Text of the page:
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Atrial aspiration from pulmonary and caval veins is caused by ventricular contraction and secures 70% of the total stroke volume independent of resting heart rate and heart size

Authors


Correspondence

Håkan Arheden, MD, PhD, Prof., Department of Clinical Physiology, Lund University, Skåne University Hospital Lund, Lund, SE-22185, Sweden

E-mail: Hakan.arheden@med.lu.se

Summary

Background

Whereas ventricular filling has been extensively studied and debated, atrial filling is less well characterized. Therefore, the aim of this study was to quantify atrial filling secured during ventricular diastole and systole, and to investigate whether atrial filling depends on heart rate (HR) and total heart volume (THV).

Methods

Thirty-two athletes (16 women) and 32 normal subjects (16 women) underwent cardiac magnetic resonance imaging. Cardiac volumes and atrioventricular plane displacement (AVPD) were determined. Longitudinal and radial contribution to stroke volume was calculated using planimetry and used to determine diastolic and systolic atrial filling.

Results

Atrial filling during ventricular diastole was 29 ± 10% of the total stroke volume, and during ventricular systole atrial filling was 68 ± 8% of the total stroke volume. There were no differences between groups of different HR (P = 0·70 and P = 0·41 for diastolic and systolic filling, respectively) or THV (P = 0·44 and P = 0·46 for diastolic and systolic filling, respectively). Systolic atrial filling was strongly correlated to longitudinal ventricular pumping (R = 0·76, P<0·001).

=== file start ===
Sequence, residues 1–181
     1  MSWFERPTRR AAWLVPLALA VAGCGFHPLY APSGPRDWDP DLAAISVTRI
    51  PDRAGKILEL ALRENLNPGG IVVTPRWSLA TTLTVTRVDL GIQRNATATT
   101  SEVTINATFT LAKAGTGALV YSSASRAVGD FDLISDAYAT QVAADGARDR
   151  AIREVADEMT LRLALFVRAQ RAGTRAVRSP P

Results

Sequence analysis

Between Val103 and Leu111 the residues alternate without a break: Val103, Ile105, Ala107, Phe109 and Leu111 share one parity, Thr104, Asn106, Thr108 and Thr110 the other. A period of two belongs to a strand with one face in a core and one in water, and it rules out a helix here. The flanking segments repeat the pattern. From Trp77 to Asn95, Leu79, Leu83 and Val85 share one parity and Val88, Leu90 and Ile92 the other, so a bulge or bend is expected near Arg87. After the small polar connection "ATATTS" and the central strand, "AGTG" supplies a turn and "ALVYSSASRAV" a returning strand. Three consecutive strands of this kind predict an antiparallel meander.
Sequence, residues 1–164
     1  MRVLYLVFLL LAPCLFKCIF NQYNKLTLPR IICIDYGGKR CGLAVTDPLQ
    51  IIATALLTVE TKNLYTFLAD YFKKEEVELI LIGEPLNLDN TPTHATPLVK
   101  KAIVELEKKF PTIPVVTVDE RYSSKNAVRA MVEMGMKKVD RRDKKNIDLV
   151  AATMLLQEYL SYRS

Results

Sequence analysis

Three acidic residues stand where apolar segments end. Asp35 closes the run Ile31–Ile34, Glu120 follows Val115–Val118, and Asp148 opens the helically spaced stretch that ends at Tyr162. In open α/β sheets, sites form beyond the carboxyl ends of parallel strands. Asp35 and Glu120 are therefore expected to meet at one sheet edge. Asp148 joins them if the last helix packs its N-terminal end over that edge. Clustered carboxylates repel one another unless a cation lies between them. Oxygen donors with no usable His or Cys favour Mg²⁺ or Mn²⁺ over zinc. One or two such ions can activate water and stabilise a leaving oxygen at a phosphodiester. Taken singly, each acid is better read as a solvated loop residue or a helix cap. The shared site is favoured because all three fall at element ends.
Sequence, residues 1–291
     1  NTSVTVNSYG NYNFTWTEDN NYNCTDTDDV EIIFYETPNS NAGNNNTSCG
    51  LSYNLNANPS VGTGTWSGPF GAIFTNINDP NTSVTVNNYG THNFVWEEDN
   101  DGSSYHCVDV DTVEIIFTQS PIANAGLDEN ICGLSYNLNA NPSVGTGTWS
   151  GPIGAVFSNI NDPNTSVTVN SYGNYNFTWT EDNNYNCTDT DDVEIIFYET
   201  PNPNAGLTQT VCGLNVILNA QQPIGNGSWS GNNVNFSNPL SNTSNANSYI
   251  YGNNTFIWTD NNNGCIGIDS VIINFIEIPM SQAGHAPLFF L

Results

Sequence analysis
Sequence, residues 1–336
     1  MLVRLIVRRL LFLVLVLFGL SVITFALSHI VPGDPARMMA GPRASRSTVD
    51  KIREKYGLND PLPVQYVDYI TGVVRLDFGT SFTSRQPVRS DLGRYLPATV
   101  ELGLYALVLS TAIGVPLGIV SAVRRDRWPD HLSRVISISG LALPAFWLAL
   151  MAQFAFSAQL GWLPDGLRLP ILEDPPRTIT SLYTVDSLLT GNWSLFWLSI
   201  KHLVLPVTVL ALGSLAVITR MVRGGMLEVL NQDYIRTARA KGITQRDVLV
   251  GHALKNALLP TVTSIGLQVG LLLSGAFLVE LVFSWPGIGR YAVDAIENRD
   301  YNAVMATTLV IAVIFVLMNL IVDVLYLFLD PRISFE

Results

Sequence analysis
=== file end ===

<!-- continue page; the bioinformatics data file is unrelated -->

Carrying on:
Conclusion

This study demonstrated that in healthy humans at rest, approximately 30% of the total stroke volume enters the atria during ventricular diastole and approximately 70% during systole, independent of heart rate (HR) or heart size. The atria are filled through suction driven by ventricular longitudinal contraction which aspirates blood from the pulmonary and caval veins. As 70% of the atrial filling occurs during ventricular emptying, the heart volume remains relatively constant over the cardiac cycle, which minimizes pulling on surrounding tissues and therefore optimizes energy expenditure.

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